"Both imatinib (Gleevec) and sunitinib (Sutent) have proven very effective in helping patients with GIST to live longer; however, the majority of patients will eventually experience disease progression despite treatment with both of those molecularly targeted therapies," said George Demetri, M.D., Dana-Farber Cancer Institute. "Once those two standard drugs fail, patients have a poor prognosis and very limited treatment options. Hsp90 inhibition is a promising therapeutic approach for these patients because the mutated kinase proteins that are the cause of resistance to both Gleevec and Sutentdepend upon being chaperoned and protected by the function of Hsp90. STA-9090 can potently inhibit the Hsp90 function and disrupt the mutant signaling in multidrug-resistant GIST. Based on the preclinical and early clinical results seen to date, STA-9090 has the potential to unlock the true potential of Hsp90 as a therapeutic target in GIST."
Preclinical results related to STA-9090 in GIST were presented by Jonathan Fletcher, M.D., Brigham and Women's Hospital, at the AACR-NCI-EORTC Conference on Molecular Targets and Cancer Therapeutics in November 2009.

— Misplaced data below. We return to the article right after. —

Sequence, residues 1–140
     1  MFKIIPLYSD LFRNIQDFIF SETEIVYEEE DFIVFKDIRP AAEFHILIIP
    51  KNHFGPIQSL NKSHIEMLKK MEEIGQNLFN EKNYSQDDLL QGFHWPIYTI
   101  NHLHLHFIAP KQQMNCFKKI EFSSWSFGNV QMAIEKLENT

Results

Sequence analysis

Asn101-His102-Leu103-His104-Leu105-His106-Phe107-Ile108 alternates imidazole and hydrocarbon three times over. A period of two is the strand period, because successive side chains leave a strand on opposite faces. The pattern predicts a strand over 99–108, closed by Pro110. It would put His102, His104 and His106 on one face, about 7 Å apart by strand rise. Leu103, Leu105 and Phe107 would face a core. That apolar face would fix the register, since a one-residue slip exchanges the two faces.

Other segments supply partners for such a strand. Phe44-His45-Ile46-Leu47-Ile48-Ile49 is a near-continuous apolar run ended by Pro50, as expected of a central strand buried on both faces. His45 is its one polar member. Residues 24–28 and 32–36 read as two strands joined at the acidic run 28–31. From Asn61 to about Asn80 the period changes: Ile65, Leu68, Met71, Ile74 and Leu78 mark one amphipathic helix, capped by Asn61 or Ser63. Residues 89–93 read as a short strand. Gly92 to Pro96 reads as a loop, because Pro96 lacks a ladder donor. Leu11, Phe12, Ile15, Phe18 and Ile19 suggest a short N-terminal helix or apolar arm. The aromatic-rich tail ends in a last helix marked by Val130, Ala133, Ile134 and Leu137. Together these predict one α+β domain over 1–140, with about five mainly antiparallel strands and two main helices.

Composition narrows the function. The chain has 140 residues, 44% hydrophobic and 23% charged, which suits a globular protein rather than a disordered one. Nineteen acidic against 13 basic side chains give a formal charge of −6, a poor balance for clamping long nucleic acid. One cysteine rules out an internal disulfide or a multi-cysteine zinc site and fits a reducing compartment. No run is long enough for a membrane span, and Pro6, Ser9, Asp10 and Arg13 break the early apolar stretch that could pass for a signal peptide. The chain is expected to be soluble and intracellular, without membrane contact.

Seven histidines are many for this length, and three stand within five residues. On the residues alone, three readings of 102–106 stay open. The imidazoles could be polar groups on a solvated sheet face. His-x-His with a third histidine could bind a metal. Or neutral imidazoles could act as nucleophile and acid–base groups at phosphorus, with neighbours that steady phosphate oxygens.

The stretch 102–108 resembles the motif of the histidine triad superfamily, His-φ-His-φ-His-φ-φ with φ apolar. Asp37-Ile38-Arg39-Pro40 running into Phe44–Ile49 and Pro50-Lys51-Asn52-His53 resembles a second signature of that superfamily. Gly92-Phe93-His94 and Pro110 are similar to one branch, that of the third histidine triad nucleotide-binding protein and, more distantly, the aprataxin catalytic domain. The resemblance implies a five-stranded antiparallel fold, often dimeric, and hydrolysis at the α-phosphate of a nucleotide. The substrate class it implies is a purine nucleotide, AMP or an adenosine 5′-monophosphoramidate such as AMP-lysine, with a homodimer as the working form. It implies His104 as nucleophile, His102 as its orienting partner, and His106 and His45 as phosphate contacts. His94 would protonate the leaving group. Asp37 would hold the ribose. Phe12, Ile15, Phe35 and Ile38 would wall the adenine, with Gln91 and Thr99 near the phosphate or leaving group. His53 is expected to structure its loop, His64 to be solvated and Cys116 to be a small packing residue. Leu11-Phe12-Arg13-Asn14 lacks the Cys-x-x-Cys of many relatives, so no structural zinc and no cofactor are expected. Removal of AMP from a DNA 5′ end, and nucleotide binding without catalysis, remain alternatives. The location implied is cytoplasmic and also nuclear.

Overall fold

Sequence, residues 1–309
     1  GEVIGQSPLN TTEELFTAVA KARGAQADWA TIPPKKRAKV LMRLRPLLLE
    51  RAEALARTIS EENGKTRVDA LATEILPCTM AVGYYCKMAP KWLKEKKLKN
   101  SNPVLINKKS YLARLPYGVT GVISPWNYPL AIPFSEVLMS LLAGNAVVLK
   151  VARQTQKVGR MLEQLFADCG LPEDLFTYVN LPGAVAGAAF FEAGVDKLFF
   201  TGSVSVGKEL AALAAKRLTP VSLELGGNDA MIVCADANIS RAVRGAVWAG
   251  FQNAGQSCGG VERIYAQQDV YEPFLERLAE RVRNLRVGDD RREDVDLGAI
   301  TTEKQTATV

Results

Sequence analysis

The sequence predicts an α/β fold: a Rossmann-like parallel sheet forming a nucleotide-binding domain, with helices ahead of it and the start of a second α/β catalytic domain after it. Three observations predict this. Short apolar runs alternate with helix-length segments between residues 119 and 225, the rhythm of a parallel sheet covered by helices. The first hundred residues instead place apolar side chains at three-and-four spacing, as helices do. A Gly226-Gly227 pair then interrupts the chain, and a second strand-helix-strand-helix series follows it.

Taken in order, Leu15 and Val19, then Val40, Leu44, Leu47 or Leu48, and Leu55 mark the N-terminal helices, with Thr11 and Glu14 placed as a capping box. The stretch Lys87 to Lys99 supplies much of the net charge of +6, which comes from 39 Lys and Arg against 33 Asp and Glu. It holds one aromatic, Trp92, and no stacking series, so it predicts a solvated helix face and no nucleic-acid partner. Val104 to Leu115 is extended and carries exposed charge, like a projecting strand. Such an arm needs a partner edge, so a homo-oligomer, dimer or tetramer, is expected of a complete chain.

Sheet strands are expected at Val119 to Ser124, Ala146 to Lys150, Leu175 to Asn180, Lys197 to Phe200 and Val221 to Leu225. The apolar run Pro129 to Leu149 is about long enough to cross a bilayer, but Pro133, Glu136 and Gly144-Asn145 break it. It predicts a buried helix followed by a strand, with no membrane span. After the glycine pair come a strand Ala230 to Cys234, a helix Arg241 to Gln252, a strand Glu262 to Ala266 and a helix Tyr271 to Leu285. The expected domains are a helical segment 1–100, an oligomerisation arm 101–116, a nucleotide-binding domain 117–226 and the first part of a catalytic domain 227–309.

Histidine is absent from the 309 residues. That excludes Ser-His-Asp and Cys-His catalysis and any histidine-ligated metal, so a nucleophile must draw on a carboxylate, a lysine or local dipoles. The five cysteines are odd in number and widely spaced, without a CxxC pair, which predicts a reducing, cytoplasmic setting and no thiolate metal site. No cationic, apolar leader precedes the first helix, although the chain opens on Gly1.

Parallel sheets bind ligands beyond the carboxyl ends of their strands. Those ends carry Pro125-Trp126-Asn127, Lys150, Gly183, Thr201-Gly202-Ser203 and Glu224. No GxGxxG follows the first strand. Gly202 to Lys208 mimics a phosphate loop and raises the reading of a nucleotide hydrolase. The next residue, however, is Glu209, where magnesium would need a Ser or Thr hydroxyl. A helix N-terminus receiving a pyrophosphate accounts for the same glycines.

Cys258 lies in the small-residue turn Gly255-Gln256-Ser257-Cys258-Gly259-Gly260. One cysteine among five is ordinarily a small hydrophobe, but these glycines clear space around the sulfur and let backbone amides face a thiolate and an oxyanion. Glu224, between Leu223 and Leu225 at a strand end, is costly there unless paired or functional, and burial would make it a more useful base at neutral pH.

"We have shown that as many as eight different secondary KIT Gleevec-resistance mutations can occur in different metastases from a single GIST patient whose disease has progressed after treatment with Gleevec, which poses a significant challenge for treating drug-resistant GIST," said Dr. Fletcher. "Importantly, all of these different resistance mutations were still sensitive to STA-9090. In these studies, STA-9090 was also 5-15 fold more potent than 17-AAG, a first-generation, ansamycin-family Hsp90 inhibitor. Additionally, STA-9090 was active against GIST cells that were resistant to 17-AAG."